Should homework be abolished?

by Sarah Bachman17 Mar 2015


Some primary schools in NSW are allowing students to opt out of homework altogether, so why not abolish it?

The NSW Department of Education and Communities (DEC) allows schools to set their own homework policies, which has led to one school giving parents the option to spare their children from it entirely.

Cambridge Park Public School sent a letter to parents stating that they - and not the school – were “best placed” to decide whether or not their children should do homework.

‘Homework provides parents with some idea of what skills and knowledge children are learning in the classroom. However the school recognises that parents are best placed to make decisions about whether or not their children have the capacity or time to complete homework,’ stated the letter.

Other schools are considering following suit, with Gymea Bay currently surveying parents’ attitudes towards homework.

In January, the TODAY co-cost, Karl Stefanovic, suggested that children should be using their time outside school to play and bond with their family rather than do homework.

Parents, Stefanovic argued, should also be spared from “doing homework they clearly can’t do”.

The comments sparked a debate as to whether allowing students to opt out of homework could provide positive follow-on effects, such as lessening the burden on teachers and freeing up much-needed time.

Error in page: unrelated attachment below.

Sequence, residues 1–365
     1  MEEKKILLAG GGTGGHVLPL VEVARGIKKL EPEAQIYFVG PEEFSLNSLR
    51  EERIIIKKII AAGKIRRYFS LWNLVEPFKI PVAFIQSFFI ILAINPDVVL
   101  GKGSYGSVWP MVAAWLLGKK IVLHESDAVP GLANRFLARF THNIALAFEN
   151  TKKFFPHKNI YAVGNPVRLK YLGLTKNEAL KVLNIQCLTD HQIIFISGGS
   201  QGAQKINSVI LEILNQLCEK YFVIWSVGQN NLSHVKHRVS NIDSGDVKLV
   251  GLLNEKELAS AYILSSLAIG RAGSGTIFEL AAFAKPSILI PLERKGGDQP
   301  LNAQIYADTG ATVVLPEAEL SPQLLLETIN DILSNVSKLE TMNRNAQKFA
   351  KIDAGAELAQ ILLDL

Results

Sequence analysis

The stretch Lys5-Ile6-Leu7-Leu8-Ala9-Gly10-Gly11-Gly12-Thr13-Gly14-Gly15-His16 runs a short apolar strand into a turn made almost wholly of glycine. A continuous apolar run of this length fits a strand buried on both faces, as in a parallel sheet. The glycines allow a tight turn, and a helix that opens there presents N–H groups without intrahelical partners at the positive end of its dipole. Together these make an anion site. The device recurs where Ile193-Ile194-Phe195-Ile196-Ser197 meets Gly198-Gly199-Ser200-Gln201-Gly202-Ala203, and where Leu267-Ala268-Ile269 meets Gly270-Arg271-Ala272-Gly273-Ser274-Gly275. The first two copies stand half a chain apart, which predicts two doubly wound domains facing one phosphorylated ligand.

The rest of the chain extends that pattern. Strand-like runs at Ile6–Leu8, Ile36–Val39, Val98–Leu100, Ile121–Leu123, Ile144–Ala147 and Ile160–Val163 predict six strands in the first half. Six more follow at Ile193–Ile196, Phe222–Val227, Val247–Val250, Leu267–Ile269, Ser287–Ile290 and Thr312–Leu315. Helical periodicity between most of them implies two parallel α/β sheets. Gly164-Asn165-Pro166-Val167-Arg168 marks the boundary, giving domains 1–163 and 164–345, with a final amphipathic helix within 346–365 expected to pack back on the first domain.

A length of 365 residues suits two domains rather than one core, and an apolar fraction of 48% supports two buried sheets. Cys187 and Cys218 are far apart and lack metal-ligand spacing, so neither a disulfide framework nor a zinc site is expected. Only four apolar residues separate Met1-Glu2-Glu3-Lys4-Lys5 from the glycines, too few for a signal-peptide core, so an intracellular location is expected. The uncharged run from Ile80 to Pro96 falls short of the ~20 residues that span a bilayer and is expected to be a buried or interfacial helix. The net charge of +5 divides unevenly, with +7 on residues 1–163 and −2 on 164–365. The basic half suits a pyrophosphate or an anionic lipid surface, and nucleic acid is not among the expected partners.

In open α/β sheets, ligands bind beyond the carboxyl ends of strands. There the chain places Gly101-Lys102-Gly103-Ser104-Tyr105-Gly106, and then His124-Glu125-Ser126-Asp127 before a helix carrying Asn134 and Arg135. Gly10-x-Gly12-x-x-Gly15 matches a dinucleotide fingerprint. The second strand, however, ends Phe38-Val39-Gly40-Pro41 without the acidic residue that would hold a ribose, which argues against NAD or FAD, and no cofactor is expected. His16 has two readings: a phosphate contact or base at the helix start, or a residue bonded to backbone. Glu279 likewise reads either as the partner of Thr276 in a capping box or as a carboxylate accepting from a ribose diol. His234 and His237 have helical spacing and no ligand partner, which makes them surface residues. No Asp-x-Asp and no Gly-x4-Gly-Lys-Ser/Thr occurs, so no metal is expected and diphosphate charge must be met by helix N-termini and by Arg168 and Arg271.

In a research document attached to its homework policy, the DEC cites evidence that suggests homework in primary school does not necessarily improve results.

"Most researchers conclude that for primary students, there is no evidence that homework lifts academic performance," states the document.

Education academic, Professor Mike Horsley, who co-wrote the book Reforming Homework, told the Sydney Morning Herald there was a "fair degree of difference" in how parents and teachers valued homework.
 
"For some parents, homework presents specific challenges in modern lifestyles, so with the changes in the workplace and living arrangements, more traditional types of homework presents challenges and in some cases these challenges have turned into a fair bit of family conflict," Horsley said.

"We say in our book that we should not ban homework because it is important for kids to get themselves organised and manage their own learning, but if it is hours and hours of drill and practice, then we would not support that.” 

 
HAVE YOUR SAY: Is homework no longer necessary?
 

COMMENTS